Our buildings are broken. Each year we spend over $400B to power, heat and cool our buildings. Moreover, buildings are the largest source of environmental emissions in the US. As a result, even a modest improvement in energy efficiency of the nation’s building stock would result in substantial economic and environmental benefits. In this project, we focus on driving energy efficiency in commercial buildings because this sector represents a substantial portion of the energy usage and costs within the overall building sector. Enhancing the energy efficiency of commercial buildings is a challenging problem, due to the fact that centralized building systems (HVAC, lighting) must be synthesized and integrated with individual inhabitant behavior and energy consumption patterns (plug-load usage). Our project brings together expertise in computational building science, eco-feedback, network theory, data science and control systems to integrate physical building information and inhabitants with cyber (building-human) interaction models to enable intelligent control of commercial building systems. Specifically, this project will: 1) design an integrated CPS (BI5M) aimed at reducing energy usage in buildings; 2) assess the complex inter-relationships between and across physical building and inhabitant models, cyber building-human interaction and intelligent control models related to energy conservation behavior; and 3) empirically test and validate modules and the overall BI5M system at test-bed buildings on Stanford’s campus and Google’s office park. This research directly addresses the Technology for Cyber-Physical Systems research target area of the CPS program by incorporating measurement (geospatial building data, energy use data), dynamics (inhabitant social networks), and control (enhanced user control of: plug-load devices, HVAC, lighting) into the BI5M system. The BI5M system is centered on the cyber BIM model of the building, and will encompass rigorous systems engineering that will explore relationships across the cyber-physical domains and develop new insights into how the scientific principles of cyber-physical systems can be used to influence the energy efficiency of commercial buildings through both occupant behavior and intelligent control.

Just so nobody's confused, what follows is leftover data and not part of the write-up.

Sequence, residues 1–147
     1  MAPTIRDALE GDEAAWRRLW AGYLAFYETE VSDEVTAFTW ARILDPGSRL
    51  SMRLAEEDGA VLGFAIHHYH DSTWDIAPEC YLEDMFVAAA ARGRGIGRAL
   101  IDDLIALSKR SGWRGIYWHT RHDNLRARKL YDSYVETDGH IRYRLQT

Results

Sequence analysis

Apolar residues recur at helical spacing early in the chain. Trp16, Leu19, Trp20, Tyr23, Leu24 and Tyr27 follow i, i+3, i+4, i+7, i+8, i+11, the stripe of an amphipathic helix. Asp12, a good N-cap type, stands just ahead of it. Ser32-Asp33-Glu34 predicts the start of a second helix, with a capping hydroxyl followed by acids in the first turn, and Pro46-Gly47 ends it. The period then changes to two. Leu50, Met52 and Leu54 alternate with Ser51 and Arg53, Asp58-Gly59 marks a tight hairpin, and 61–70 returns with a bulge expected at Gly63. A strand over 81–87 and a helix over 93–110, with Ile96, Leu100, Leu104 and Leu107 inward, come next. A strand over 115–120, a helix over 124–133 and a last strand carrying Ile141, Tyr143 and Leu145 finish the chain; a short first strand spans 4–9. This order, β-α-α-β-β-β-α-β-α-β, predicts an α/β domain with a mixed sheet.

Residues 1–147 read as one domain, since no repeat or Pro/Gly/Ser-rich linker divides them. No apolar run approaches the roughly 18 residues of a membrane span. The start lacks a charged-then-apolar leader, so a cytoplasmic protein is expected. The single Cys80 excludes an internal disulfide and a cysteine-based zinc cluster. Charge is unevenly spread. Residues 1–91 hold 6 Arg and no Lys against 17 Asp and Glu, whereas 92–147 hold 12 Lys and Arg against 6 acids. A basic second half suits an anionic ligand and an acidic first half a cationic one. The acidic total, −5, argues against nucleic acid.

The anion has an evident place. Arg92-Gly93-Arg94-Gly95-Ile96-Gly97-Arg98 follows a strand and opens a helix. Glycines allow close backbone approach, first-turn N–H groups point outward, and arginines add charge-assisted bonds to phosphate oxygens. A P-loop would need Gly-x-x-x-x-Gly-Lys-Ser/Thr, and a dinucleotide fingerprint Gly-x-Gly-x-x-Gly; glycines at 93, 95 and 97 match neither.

This project will tackle the grand challenge of reducing the energy usage of commercial buildings. The educational impacts of this project will extend to participant subjects (students, faculty in the test-bed buildings), as well as a broader student population through the integration of key insights from this work into courses/projects at all three universities. The project team will also disseminate results to practitioners/policy-makers working in building management space through an Outreach Workshop. Lastly, this project will broaden participation in computing fields through a diverse PI team and by partnering with the Girls Who Code nonprofit to integrate project data sets and tools into their activities.